The Nazis referred to the Jews as sub-human, a bacilli, or cancer. Today leading politicians in the United States and Europe are referring the Syria refugees, as well as other Moslems in a similar manner. Some of the worst offenders are men who beat on their chest and claim to be Christians. Mike Huckabee referred to the Syria refugees as “spoiled milk,” Ben Carson called them “rabid dogs.” The mainstream British columnist, Katie Hopkins called them “rats and cockroaches.” Plenty of other less prominent politicians, pundits and preachers have voiced similar opinions, and you cannot visit Facebook without seeing scores of memes and comments echoing those thoughts, and Carson has been nominated to be the Secretary of Housing and Urban Development. Michael Flynn, the soon to be National Security Adviser to the President called Islam a “cancer” and a “political ideology” that “definitely hides behind being a religion.” Others in or close to the Trump transition team openly refer to Jews in a desultory manner and like the Nazis of old talk of a Jewish, Freemason conspiracy to rule the world.
But others, particularly the media and already elected officials use other language to dehumanize people. The language of natural disasters, or war is common. Politicians, preachers and the media couple refugees and migrants with words such as influx, occupation, invasion, flood or flow. All of these terms are used to stoke fear in the minds of their listeners or followers. Floods must be controlled, invasions, defeated, occupations, ended. Eventually people just take it for granted that such threats must be dealt with, such questions, answered.
This language encourages their followers to approve of draconian measures is to dehumanize their victims. Somewhat euphemistically they refer to the situation as a question, a question that must have an answer or a solution. In the Third Reich it was the Jewish question, and the answer became the apocalyptic Final Solution. The Nazis preached that there would have to be a showdown between their pure “Aryan” race, and the Jews. Rudolf Höss, the commandant of Auschwitz noted the Himmler stressed “that if Germany was to survive then World Jewry must be exterminated and we all accepted it as truth.”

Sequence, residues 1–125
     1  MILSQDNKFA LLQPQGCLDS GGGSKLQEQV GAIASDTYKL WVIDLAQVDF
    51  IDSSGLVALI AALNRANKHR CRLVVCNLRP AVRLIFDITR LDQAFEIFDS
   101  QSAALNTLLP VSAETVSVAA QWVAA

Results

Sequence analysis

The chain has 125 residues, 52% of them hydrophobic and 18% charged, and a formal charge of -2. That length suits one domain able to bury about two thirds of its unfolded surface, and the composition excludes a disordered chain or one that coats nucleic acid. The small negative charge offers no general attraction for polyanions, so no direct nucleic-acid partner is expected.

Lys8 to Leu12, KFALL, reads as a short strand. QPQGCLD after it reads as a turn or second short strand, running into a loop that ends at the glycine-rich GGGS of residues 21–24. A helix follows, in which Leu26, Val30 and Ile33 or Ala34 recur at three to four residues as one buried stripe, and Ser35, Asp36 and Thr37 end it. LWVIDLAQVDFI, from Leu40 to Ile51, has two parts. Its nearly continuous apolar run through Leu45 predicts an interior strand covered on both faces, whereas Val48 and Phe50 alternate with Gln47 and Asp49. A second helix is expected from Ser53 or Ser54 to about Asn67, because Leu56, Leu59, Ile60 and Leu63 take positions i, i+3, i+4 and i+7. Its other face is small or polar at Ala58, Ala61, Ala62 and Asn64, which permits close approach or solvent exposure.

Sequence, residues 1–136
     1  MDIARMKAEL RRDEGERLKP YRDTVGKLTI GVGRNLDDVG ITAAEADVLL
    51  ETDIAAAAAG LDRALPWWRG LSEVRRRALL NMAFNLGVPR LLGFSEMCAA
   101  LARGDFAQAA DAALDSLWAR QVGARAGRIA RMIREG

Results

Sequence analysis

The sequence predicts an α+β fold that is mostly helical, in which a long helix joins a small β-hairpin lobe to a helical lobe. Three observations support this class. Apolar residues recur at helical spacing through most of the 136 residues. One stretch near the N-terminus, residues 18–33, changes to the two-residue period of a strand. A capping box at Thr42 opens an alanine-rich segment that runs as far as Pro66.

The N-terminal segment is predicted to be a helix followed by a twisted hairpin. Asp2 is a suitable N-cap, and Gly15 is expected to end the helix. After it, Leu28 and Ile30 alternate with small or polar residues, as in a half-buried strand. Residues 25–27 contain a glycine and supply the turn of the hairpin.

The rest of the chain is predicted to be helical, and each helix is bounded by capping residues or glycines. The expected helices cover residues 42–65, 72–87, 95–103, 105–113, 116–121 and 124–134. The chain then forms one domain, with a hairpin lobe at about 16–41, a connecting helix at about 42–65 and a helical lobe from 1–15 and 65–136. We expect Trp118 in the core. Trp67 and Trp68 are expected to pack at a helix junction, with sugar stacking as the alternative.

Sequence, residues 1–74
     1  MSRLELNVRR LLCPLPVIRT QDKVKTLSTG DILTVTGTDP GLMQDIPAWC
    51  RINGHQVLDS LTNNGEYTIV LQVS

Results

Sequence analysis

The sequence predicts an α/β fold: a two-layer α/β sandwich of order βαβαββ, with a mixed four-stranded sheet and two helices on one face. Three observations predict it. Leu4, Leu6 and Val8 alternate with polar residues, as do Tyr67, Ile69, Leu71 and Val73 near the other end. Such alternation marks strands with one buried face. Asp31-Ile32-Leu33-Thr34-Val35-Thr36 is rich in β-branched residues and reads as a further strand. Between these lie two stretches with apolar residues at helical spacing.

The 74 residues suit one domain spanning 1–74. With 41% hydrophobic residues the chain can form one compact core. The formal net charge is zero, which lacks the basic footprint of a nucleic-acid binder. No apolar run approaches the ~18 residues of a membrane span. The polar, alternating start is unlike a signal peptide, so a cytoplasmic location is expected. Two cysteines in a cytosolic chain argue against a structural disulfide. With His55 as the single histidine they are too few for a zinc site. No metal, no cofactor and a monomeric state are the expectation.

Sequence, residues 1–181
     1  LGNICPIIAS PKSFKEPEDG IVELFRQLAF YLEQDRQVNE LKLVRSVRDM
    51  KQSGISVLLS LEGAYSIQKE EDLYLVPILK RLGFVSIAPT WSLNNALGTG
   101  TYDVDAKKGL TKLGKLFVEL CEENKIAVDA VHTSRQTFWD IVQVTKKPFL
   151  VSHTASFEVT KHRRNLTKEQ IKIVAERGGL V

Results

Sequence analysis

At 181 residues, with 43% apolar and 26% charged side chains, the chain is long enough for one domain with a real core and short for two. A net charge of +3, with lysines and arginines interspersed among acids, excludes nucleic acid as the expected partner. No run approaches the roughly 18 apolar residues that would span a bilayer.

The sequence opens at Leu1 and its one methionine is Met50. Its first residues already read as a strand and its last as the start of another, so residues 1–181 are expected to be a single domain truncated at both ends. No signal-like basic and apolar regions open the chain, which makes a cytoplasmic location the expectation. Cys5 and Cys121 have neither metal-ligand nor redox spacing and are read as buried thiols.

Höss told American Army psychologist Gustave Gilbert about how he accepted the orders f0or the Final Solution based on his beliefs:
“That was the picture I had in my head, so when Himmler called me to him, I just accepted it as the realization of something that I already accepted – not only I, but everybody. I took it for granted that even though this order, which would move the strongest and coldest nature – and at that moment this crass order to exterminate thousands of people (I did not know how many) – even though it did frighten me momentarily – it fitted in with all that had been preached to me for years. The only problem itself, the extermination of Jewry, was not new – but only that I was the one to carry it out, frightened me at first. But after getting the clear direct order and even an explanation with it – there was nothing left to do but carry it out.”
Gilbert asked Höss, “So, that was the background for accepting a mass murder order?” Höss replied, “Yes, when I think of it all, it is hard to figure out – but at the time I didn’t think of it as propaganda, but as something one just had to believe.”
But that is what millions of people are being asked to believe today in terms of all Muslims. It is not the fact that some Muslims are fanatical killers bent on war, and that we are at war with them; but that Islam itself, and thereby all Muslims are the enemy, and must be destroyed. The continual preaching of this will lead to, persecution, mass murder, and maybe even genocide, and it will be done by people like Höss, who are convinced that they are doing the right thing.